<image>openjdk:8-jre-alpine</image>
         </from>
         <to>
             <image>${docker.image.prefix}/${project.artifactId}</image>
         </to>
      </configuration>
    </plugin>
    
  5. Navigate to the completed project directory for your Spring Boot application and run the following command to build the image and push the image to the registry:

    mvn compile jib:build
    

Note

Due to the security concern of Azure Cli and Azure Container Registry, the credential created by az acr login is valid for 1 hour, if you meet 401 Unauthorized error, you can run the az acr login -n <your registry name> command again to reauthenticate.

Create a Kubernetes Cluster on AKS using the Azure CLI

  1. Create a Kubernetes cluster in Azure Kubernetes Service. The following command creates a kubernetes cluster in the wingtiptoys-kubernetes resource group, with wingtiptoys-akscluster as the cluster name, and wingtiptoys-kubernetes as the DNS prefix:

    az aks create --resource-group=wingtiptoys-kubernetes --name=wingtiptoys-akscluster \ 
     --dns-name-prefix=wingtiptoys-kubernetes --generate-ssh-keys
    

    This command may take a while to complete.

  2. When you're using Azure Container Registry (ACR) with Azure Kubernetes Service (AKS), you need to grant Azure Kubernetes Service pull access to Azure Container Registry. Azure creates a default service principal when you are creating Azure Kubernetes Service. Please run the following scripts in bash or Powershell to grant AKS access to ACR, see more details at Authenticate with Azure Container Registry from Azure Kubernetes Service.

   # Get the id of the service principal configured for AKS
   CLIENT_ID=$(az aks show -g wingtiptoys-kubernetes -n wingtiptoys-akscluster --query "servicePrincipalProfile.clientId" --output tsv)
   
   # Get the ACR registry resource id
   ACR_ID=$(az acr show -g wingtiptoys-kubernetes -n wingtiptoysregistry --query "id" --output tsv)
   
   # Create role assignment
   az role assignment create --assignee $CLIENT_ID --role acrpull --scope $ACR_ID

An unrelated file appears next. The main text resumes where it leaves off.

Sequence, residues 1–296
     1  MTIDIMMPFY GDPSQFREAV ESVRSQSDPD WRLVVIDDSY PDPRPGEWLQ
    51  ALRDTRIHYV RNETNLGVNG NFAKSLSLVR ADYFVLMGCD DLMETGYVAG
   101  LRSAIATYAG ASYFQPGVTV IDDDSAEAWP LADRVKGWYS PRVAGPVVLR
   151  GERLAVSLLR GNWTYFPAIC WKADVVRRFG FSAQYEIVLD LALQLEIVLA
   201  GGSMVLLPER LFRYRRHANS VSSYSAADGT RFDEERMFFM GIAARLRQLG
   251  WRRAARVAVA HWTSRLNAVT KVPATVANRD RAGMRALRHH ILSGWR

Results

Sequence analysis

-- or --

   # Get the id of the service principal configured for AKS
   $CLIENT_ID = az aks show -g wingtiptoys-kubernetes -n wingtiptoys-akscluster --query "servicePrincipalProfile.clientId" --output tsv
   
   # Get the ACR registry resource id
   $ACR_ID = az acr show -g wingtiptoys-kubernetes -n wingtiptoysregistry --query "id" --output tsv
   
   # Create role assignment
   az role assignment create --assignee $CLIENT_ID --role acrpull --scope $ACR_ID
  1. Install kubectl using the Azure CLI. Linux users may have to prefix this command with sudo since it deploys the Kubernetes CLI to /usr/local/bin.

    az aks install-cli
    
  2. Download the cluster configuration information so you can manage your cluster from the Kubernetes web interface and kubectl.

    az aks get-credentials --resource-group=wingtiptoys-kubernetes --name=wingtiptoys-akscluster
    

Deploy the image to your Kubernetes cluster

This tutorial deploys the app using kubectl, then allow you to explore the deployment through the Kubernetes web interface.

Deploy with kubectl

  1. Open a command prompt.

  2. Run your container in the Kubernetes cluster by using the kubectl run command. Give a service name for your app in Kubernetes and the full image name. For example:

    kubectl run gs-spring-boot-docker --image=wingtiptoysregistry.azurecr.io/gs-spring-boot-docker:latest
    

    In this command:

    • The container name gs-spring-boot-docker is specified immediately after the run command

    • The --image parameter specifies the combined login server and image name as wingtiptoysregistry.azurecr.io/gs-spring-boot-docker:latest